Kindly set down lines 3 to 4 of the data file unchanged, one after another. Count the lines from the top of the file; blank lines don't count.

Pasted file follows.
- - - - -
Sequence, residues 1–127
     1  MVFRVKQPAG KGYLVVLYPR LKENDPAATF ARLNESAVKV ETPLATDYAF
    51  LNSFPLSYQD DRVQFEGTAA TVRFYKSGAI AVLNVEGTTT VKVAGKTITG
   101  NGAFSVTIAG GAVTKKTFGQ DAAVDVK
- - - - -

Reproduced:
    51  LNSFPLSYQD DRVQFEGTAA TVRFYKSGAI AVLNVEGTTT VKVAGKTITG
   101  NGAFSVTIAG GAVTKKTFGQ DAAVDVK